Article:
Implications for Corporate Reputation

The mass communication perspective on agenda-building theory provokes the question “Who builds the media agenda as regards corporations?” The media play a major role in forming corporate reputation, as it is fundamentally public opinion. Accordingly, determining the sources that may influence the formation of the media agenda with regard to corporations is vital for a corporation’s success. Media relations strategies, such as press releases, fact sheets, media advisories, and media kits, are some of the oldest and most traditional public relations strategies, but they are still relevant even in the 21st century’s digital media environment because of the news media’s capacity to reach a large audience and its credibility as a third-party endorser. Not only do corporations themselves, through their media relations strategies, contribute to building the media agenda related to corporations, but other entities in society, such as activist groups, government entities, industry associations, and auditing/monitoring organizations, contribute to it as well.

Although the mass media still has a significant influence, the public today relies on other information sources in addition to the traditional news media. In the rapidly changing environment of the 21st century, which has been characterized as a digital and global era, for instance, corporations can directly influence the public’s perception of them via social media such as Facebook, Twitter, Google+, Instagram, and YouTube, and other corporate communication channels, such as corporate websites and blogs, without the media’s intervention. Furthermore, as sharing and transferring information have become much easier than before, content from one news medium can easily affect another, and these collective processes can create shifts in public opinion. Information published in blogs and websites engages greater numbers of people who join conversations on the issues, and journalists can incorporate such conversations into news reports while they monitor the issues the public is interested in.

In sum, the mass communication version of agenda-building theory is not adequate to explain agenda-building phenomena; the political science version of agenda-building theory can be called on to enrich the model. Whereas the mass communication perspective highlights corporations’ mediated communication efforts in gaining reputation among the public, the political science perspective encourages researchers to examine the direct effects of corporate communication on the public’s perceptions of a corporation, as its assumption is that entities other than the media can equally contribute to building the public agenda. Charles Fombrun and Mark Shanley originally argued that the public form corporate reputations based on the information they receive, without restricting the information sources to the mass media, but studies to date have largely focused on the news media’s effects on corporate reputation, and other types of media are still understudied at this point.

A final implication of agenda-building theory stems from the nature of corporate reputation. Reputation is not formed in a day but is accumulated over longer periods of time. Therefore, examining the more dynamic and multifaceted interactions among information sources and the media over extended periods of time may help explain better the agenda-building process of corporate reputation than studies from a linear and unidirectional agenda-building perspective.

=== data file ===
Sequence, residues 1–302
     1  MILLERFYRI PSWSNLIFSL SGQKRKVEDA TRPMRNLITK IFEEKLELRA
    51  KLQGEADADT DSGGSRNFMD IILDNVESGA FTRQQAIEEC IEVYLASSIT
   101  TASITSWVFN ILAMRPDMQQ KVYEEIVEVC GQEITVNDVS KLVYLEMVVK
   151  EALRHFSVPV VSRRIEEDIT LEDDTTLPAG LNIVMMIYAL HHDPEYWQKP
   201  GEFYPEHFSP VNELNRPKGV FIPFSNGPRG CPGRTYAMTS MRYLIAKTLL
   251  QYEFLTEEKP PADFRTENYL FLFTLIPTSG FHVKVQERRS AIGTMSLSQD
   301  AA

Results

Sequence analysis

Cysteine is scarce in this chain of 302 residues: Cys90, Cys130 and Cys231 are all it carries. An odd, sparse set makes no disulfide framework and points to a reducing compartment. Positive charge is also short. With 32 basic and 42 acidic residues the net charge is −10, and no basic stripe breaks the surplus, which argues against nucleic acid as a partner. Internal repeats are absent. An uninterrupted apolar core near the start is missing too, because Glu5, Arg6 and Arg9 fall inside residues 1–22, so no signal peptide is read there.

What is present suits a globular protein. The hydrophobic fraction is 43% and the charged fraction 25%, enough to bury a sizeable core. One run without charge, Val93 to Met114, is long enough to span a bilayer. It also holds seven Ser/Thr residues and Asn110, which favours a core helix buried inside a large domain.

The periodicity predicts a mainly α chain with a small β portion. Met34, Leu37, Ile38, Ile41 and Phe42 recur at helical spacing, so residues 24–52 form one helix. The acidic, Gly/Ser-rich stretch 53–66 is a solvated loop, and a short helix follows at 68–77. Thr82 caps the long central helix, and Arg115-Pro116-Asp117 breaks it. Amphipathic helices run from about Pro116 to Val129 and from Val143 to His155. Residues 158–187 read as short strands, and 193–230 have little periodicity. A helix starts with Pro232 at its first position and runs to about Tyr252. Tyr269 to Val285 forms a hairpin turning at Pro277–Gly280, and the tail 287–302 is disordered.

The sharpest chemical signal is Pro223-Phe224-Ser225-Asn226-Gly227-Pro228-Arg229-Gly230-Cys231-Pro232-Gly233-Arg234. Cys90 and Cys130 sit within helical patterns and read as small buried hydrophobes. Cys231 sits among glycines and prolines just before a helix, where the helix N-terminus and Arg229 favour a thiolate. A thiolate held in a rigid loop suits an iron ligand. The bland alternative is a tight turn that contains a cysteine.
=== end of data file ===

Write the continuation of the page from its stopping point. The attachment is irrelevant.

Agenda-building theory has been inconsistently conceptualized and applied due to its historical roots in two different fields. Each view can enrich the other, however, if they are combined. Political science agenda-building theory can broaden the scope of mass communication agenda-building theory; at the same time, the latter offers a wealth of empirical support for the effects of sources on the media agenda. In particular, in the realm of corporate reputation, adapting the political science perspective on agenda-building theory can shed more light on the process of forming corporate reputation in this changing environment. The differentiation of the concept of agenda building into three types of agenda building can be a starting point; viewing corporate reputation as part of the public agenda, identifying the sources influencing corporate reputation, and tracing the reciprocal relationships among the sources over time as they build the agenda is the task of future research if scholars are to understand the agenda-building process of corporate reputation in this global and digital era. Such processes are likely to contain multiple feedback loops and provide opportunities to study the construction of collective opinion and policymaking, which is where agenda-building theory began.

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Dearing, J. W., & Rogers, E. M. (1996). Agenda-setting. Thousand Oaks, CA: Sage.

Denham, B. E. (2010). Toward conceptual consistency in studies of agenda-building processes: A scholarly review. The Review of Communication, 10(4), 306–323.

Fombrun, C., & Shanley, M. (1990). What’s in a name? Reputation building and corporate strategy. Academy of Management Journal, 33(2), 233–258.

Kiousis, S., Park, J. M., Kim, J. Y., & Go, E. (2013). Exploring the role of agenda-building efforts in media coverage and policymaking activity of healthcare reform. Journalism & Mass Communication Quarterly, 90(4), 652–672.

Lang, G. E., & Lang, K. (1981). Watergate: An exploration of the agenda-building process. Mass Communication Review Yearbook, 2, 447–469.

Ragas, M. W. (2013). Agenda building during activist shareholder campaigns. Public Relations Review, 39(3), 219–221.

Zoch, L. M., & Molleda, J. (2006). Building a theoretical model of media relations using framing, information subsidies, and agenda-building. In C. H. Botan & V. Hazleton (Eds.), Public relations theory II (pp. 279–309). Mahwah, NJ: Lawrence Erlbaum.

See Also

Agenda-Setting Theory; Communication Management; Corporate Agenda Setting; Corporate Communication; Media Effects Theory; Media Relations

See Also